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Despite many aviation analysts remaining doubtful about Etihad’s long term outlook, the airline is doing its best to put a positive spin on things. Earlier this year, when announcing its 2018 financial result, Etihad talked up some key financial indicators.

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Etihad is doing its best to put a positive spin on things. Photo: Lars Hentschel via Wikimedia Commons.

The airline noted a 15% improvement in operating performance based on revenues of USD$5.86 billion. It highlighted a 4% increase in passenger yields, driven by fleet optimization and capacity discipline. Despite rising fuel costs, there was a 3% decrease in unit costs. Etihad said since beginning its five-year transformation program in 2017, its core operating performance had improved by 34%. 

Even so, Etihad still lost USD$1.28 billion.

Looking forward

Transformation programs in aviation can work in aviation – just look at Qantas. But the fundamental construct on which Etihad was created, big aircraft hubbing and transiting through Abu Dhabi, is not the airline model passengers in the 2020s will be looking for. The trend is towards long-range point to point flights. With only a smallish population, there is only so much demand for point to point travel in and out of Abu Dhabi.

Etihad brought us The Residence. It brought some swank back into flying. It would be great to see it return to profitability in 2023. Whether it can or not is another issue.

Simple Flying reached out to Etihad for a comment regarding their 2023 profit projections but has received no response prior to publication.

What do you think about the long term prospects for Etihad? Let us know and post a comment.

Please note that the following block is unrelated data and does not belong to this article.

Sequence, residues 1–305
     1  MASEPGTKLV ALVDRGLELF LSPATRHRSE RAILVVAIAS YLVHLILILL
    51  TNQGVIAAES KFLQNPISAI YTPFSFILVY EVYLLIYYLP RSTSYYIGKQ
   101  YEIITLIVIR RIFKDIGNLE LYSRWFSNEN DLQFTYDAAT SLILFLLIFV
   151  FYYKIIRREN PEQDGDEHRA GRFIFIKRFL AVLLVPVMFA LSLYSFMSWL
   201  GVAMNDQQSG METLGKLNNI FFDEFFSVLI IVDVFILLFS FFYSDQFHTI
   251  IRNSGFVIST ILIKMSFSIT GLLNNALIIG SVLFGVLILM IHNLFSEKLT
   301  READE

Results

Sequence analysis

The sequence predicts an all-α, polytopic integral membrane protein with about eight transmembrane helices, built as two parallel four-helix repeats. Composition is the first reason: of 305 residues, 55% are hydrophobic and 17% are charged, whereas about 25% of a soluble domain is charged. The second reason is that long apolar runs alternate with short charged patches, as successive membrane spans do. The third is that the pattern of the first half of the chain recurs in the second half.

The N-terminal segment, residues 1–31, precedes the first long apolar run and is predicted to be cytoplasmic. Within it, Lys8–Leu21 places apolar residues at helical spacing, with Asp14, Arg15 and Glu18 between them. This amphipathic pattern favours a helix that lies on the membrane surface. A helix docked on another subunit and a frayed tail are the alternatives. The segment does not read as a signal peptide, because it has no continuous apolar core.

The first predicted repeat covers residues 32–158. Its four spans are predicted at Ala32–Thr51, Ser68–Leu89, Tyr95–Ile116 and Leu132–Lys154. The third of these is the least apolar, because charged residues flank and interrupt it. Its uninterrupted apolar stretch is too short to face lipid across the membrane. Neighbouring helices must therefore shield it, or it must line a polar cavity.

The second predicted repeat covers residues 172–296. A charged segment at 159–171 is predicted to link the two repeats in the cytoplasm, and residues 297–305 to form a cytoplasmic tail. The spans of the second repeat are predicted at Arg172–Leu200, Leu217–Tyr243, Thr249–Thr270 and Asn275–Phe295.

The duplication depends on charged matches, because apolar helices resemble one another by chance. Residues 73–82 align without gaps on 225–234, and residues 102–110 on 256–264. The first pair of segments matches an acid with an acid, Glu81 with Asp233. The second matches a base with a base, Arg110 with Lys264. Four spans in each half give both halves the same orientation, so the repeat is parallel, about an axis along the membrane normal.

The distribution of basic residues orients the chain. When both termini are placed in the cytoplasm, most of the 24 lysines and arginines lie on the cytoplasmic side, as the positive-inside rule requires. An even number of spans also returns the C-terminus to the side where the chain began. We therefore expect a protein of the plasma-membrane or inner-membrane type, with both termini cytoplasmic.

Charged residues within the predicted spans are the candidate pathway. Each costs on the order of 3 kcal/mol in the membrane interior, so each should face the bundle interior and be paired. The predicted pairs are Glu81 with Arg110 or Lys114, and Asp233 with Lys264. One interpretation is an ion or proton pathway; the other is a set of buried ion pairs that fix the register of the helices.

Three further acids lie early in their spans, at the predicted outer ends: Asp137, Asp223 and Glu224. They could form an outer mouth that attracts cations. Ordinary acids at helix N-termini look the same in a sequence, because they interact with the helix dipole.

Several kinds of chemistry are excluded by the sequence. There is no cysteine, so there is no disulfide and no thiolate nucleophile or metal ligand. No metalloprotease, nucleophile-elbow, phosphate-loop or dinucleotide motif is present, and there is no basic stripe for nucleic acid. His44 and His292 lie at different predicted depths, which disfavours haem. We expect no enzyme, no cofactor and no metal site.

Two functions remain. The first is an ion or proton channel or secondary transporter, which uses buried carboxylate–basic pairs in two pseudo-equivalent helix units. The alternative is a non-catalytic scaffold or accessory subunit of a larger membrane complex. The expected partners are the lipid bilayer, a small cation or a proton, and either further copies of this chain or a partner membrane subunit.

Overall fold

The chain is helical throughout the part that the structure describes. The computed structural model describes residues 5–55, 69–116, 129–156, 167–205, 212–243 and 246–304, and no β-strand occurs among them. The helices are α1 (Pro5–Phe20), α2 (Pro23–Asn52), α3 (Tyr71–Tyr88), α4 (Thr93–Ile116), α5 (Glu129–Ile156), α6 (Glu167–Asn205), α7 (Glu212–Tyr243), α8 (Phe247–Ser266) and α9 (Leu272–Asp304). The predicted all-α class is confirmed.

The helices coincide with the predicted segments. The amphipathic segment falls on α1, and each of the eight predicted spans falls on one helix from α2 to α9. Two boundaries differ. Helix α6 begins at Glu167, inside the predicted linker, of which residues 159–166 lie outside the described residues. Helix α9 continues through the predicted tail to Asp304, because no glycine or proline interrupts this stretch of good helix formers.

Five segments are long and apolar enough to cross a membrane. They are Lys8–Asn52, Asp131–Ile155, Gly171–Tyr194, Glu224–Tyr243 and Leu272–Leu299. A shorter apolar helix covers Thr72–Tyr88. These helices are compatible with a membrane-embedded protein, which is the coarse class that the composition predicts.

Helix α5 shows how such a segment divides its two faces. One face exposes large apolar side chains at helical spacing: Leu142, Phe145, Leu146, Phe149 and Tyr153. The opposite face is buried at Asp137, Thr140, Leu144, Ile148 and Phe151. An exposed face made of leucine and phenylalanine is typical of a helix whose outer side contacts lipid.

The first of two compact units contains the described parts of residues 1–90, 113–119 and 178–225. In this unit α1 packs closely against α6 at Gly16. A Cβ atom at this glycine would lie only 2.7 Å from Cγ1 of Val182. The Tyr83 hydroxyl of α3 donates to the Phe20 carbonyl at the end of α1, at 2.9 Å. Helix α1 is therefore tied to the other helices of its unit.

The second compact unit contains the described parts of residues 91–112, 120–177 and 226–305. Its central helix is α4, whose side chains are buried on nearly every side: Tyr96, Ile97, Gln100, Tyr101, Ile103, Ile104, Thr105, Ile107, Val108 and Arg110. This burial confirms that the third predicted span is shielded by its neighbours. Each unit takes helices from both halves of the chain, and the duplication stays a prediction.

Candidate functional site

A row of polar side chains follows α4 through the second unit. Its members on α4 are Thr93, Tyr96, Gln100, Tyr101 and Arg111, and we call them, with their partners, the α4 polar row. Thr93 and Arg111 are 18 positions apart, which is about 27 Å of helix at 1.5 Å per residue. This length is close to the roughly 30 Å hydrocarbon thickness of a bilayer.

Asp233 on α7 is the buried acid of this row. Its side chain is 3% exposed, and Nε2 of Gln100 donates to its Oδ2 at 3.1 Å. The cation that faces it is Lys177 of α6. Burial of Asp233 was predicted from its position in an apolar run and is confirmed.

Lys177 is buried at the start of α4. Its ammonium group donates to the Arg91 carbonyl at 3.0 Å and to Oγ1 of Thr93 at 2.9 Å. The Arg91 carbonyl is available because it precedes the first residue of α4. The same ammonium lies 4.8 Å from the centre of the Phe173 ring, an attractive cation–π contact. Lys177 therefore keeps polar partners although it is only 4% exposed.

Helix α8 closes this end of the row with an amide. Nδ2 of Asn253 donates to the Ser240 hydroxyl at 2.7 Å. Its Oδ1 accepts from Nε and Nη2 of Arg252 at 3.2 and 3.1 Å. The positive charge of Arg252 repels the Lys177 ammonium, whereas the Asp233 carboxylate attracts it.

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Phil

Best case scenario would be an ultimate merger with Emirates.

Worst case scenario would be the airline ceasing operations altogether.

The trend has been going away from Gulf carriers and onto East Asian carriers while US and Australasian carriers have dramatically upped their product and have started Ultra Long Haul point to point flights. Qatar and Emirates will eventually learn this as well sooner or later.

Cahpek

Agree with what the writer mentioned about the airline putting a ‘ positive spin’. Remember Malaysia Airlines? They kept having new CEO’ s and in fact its changes were probably more drastc Etihad. It even changed its name from MAS to MAB . It’s turnaround plans was expected to return to profitability by 2018, then it was 2019 and now there is no profitability forecast in sight. Sure no two airline is the same but I am afraid that I have my doubts for Etihad to be successful as an independent airline . As another reader commented, the best case… Read more »

Sample Name

That’s if it survives lol

Bev James

Fly business class with Etihad every year. Very disappointing this year. Their business class lounge at Manchester has gone and is now a normal escape lounge which anyone can pay to go in. Food was poor quality and not much option. No better in abu Dhabi, had to queue for security with no fast track lane. Probably sound like a complete snob but when I pay nearly £2000 for a flight I expect a bit more. Emirates next year I think 😶